Dave Obee: At 155 years, we offer a fresh look at the past

It’s our birthday today. It’s been 155 years since Amor De Cosmos launched the four-page British Colonist. The newspaper you are holding in your hands — or reading online, or on your mobile device — is a direct descendant of his first issue, on Dec. 11, 1858.

The Times Colonist is the oldest newspaper in Western Canada. We were here before Canada was a nation and before British Columbia was a province.

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What we have published in 155 years of continuous community service represents a massive storehouse of information, history written on the fly, about Victoria and Vancouver Island.

Five years ago, as part of our 150th anniversary celebration, the British Colonist and its successors — the Daily Colonist and so on — up to 1910 were digitized and placed online at britishcolonist.ca.

That website revolutionized the way that B.C. history is researched and taught, making old news stories or advertisements searchable on your computer.

It has also been a great equalizer; school students in the smallest communities can use a resource that previously was available only at libraries in the big cities.

This incredible website would not have been possible without the help of partners, including the Public Library Services Branch (now the Libraries and Literacy Branch), the Ike K. Barber Learning Centre, the Greater Victoria Public Library, the Legislative Library, the B.C. Electronic Library Network, and above all else, the University of Victoria Library.

UVic staff members have done most of the grunt work needed to get these old newspapers in front of a new audience. Officially, britishcolonist.ca is part of UVic’s digital collections and is one of the most popular features in that collection.

It’s about to get much, much busier. The website has just been expanded to include all of the Colonist issues from 1910 to 1920, arguably the most newsworthy decade in our history.

Here’s a flash summary.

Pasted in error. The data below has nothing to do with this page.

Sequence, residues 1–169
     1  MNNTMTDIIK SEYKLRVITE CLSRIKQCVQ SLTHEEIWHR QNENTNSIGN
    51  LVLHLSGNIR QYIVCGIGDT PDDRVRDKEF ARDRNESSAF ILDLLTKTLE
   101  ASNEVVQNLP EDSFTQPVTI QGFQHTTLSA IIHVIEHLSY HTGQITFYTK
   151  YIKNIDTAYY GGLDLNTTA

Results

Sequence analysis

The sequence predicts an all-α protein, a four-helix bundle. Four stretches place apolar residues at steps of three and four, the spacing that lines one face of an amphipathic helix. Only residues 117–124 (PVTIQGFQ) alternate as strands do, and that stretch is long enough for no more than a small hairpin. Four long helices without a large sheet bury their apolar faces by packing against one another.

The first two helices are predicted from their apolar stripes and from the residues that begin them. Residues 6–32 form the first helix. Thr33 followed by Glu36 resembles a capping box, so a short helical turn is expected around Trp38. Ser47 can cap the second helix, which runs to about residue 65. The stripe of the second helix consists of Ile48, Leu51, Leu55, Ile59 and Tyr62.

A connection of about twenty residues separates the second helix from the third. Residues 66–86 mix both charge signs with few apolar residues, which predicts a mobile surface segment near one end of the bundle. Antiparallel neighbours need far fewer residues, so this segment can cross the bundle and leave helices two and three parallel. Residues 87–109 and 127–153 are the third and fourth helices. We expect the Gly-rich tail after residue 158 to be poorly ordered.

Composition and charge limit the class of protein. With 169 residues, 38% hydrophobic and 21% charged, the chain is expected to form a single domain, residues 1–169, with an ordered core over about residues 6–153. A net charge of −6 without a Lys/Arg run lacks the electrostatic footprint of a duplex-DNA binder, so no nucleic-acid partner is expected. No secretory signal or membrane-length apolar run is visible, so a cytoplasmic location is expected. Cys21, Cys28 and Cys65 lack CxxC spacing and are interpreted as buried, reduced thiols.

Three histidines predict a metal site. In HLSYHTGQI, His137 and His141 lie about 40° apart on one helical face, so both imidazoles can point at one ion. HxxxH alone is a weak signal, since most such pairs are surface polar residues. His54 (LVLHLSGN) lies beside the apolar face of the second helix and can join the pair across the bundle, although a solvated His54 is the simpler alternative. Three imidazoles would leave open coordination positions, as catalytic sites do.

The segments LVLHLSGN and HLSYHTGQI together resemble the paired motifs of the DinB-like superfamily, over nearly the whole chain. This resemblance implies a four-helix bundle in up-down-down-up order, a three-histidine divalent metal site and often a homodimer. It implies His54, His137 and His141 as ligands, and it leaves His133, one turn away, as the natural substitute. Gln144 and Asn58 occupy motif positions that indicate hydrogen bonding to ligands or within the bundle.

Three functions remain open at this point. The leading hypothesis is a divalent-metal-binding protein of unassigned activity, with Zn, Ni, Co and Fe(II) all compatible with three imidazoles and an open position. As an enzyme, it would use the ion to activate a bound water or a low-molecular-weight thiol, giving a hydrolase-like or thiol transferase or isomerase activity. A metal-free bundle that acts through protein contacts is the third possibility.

The Great War meant that hundreds of local people are buried in military cemeteries in Belgium and northern France.

The Willows exhibition buildings were converted into a training camp. Premier Richard McBride bought a couple of submarines. Arthur Currie rose from the local militia to become Canada’s top commander. There were anti-German riots downtown. Craigdarroch Castle was converted into housing for returned soldiers.

The decade opened with an economic boom that turned into a slump in 1913. As a result of that boom, we saw several new buildings that are still here, including the Wilkinson Road jail, the Royal and McPherson theatres and Victoria High School. Other buildings from that era, such as the Patrick ice rink, are gone.

The Uplands and the Malahat were opened, along with the Saanich interurban railway and the Ogden Point breakwater.

Women won the right to vote in provincial elections. Mary Ellen Smith became the first female MLA when she was elected to succeed her late husband.

The Komagata Maru cleared the William Head quarantine station before being turned away in Vancouver.

Albert “Ginger” Goodwin was killed in the bush near Cumberland, inspiring the first general strike in Canadian history.

William Wallace Gibson developed the first Canadian airplane engine and flew his airplane near Mount Tolmie in September 1910.

A smashing summer carnival in 1913 was marred by the death of an American pilot in a crash in Chinatown. It was Canada’s first air fatality.

Stan Laurel played the Pantages theatre. The Victoria hockey team beat the Stanley Cup champions. Prohibition started. The public library launched a children’s section.

We lost the Titanic. Closer to home, the sinking of the steamer Sechelt, serving the Victoria-Sooke route, killed 21 people. The Canadian Pacific ship Princess Sophia became stuck on a reef near Juneau, Alaska, and all 343 men, women and children on board died.

An influenza epidemic killed about 20 million people.

Want more? Want to read about politics, people, society, entertainment, sports and more? From 1858 to 1920, it’s available on britishcolonist.ca. And it’s free.

The website is just one example of our dedication to this community — a dedication that has stayed strong for 155 years.


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